12. 12. to the short average maturity of their assets and usually bonds are traded on dealer markets, where it is not possible to obtain the transaction cost paid from the accounting documents, since it is embedded in the gross purchase or sale price. Data about explicit transaction costs were used to calculate the Total Expense and Commission Ratio6 (Tecr) defined as the ratio of the sum of operating costs plus brokerage commissions not included in operating costs to the yearly average asset under management. Summary statistics on the Tecr and on the incidence of explicit transaction cost on average yearly assets under management (Tcaum7) are reported in table 2. (insert table 2 about here) Three aspects are noticeable: - there is a remarkable lack of homogeneity in the treatment of brokerage commissions. The funds in the sample are almost evenly divided as far as the inclusion of brokerage commissions in "operating costs" and in "other costs"; - brokerage commissions represent a sizeable portion of the total costs charged on the mutual fund investor; on average they represent 44 basis points in terms of asset under management for equity funds in the sample with little variation from year to year and a slightly declining trend; - a high variability emerges. It remains to be explained whether the latter form of variability comes from true differences in the transaction behaviour (for example, some managers might be keener than other to negotiate hard for commission rebates or might be more active in their transaction style than others) or in differences in the reporting of brokerage commissions. 6We drew the denomination of the aggregate under investigation from (Cassidy 2004). 7 The Tcaum statistic is not simply the difference between the total expense and commission ratio and the total expense ratio, because in some cases the brokerage commissions are included in the operating costs and in some cases they are not. 11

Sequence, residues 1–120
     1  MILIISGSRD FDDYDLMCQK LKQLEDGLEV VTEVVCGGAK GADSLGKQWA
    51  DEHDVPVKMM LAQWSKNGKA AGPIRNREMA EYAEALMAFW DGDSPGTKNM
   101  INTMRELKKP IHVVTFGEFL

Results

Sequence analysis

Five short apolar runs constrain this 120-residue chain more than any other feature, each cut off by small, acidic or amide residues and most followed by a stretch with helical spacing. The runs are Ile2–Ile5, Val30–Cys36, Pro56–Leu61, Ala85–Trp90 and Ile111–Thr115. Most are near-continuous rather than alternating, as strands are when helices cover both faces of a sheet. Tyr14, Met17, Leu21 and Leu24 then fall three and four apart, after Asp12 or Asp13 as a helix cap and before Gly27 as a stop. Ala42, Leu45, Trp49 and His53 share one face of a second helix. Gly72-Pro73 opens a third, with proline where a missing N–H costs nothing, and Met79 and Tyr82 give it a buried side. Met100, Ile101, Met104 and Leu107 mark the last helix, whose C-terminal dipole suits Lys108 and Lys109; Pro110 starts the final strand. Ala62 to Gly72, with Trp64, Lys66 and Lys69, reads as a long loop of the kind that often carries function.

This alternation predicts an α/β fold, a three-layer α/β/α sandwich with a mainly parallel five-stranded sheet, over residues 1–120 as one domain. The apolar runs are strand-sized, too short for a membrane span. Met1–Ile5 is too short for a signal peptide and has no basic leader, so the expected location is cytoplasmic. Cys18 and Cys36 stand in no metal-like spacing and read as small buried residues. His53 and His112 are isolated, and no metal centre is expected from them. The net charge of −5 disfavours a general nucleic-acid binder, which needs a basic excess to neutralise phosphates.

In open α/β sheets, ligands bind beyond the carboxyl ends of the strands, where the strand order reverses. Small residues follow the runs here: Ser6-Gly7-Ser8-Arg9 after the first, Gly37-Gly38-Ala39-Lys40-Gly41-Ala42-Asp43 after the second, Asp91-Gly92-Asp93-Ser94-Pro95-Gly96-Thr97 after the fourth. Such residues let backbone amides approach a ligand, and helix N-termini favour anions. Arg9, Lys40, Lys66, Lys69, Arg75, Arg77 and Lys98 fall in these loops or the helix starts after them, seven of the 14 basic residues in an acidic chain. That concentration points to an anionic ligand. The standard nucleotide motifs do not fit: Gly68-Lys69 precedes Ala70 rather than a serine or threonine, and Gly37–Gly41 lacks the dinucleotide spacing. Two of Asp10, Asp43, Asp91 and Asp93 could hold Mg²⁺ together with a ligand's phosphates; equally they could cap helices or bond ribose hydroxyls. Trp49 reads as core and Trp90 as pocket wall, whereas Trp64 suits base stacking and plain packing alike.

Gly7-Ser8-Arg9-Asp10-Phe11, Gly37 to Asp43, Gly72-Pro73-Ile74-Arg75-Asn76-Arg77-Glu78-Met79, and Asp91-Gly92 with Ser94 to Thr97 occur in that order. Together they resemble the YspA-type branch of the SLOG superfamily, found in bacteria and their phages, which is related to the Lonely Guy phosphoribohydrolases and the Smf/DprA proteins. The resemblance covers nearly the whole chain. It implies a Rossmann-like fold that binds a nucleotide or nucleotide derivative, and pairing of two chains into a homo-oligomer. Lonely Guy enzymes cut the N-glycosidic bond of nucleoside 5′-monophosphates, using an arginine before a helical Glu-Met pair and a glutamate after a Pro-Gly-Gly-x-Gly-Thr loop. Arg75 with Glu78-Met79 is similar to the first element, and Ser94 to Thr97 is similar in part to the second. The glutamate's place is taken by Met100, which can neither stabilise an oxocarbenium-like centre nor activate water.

13. 13. 14% of equity funds in our sample8 report no transaction costs9 Since we can expect that no equity fund has in a given year a zero portfolio turnover, there must be clearly not infrequent problems of reporting opacity. This is confirmed by the fact that, along with many fund management companies reporting brokerage commissions for all the funds managed, other do not report explicit transaction costs for any of the fund managed by them or only for a fraction of the funds managed. The main cost component (table 3) is given by commission fees, followed, for equity funds, by brokerage fees and for bond and money market funds by bank depository fees. (insert table 3 about here) We noticed a remarkable tendency of commission fees to cluster around a few focal points that account, especially for equity funds, for most of the frequency distribution (table 4). Fund management companies appear to follow a not very competitive stance towards the pricing of the management service they provide to investors. (insert table 4 about here) 8 When data are drawn from the annual statement of information data are limited to the three year period 2001-2003. 9 There is no significant difference in the transparency among different equity fund categories. Equity funds specialized in market where securities are mostly traded in order driven markets (like the ones specialized in domestic equities) show no appreciable difference from funds specialized securities mostly traded in quote driven markets (like US equity). 12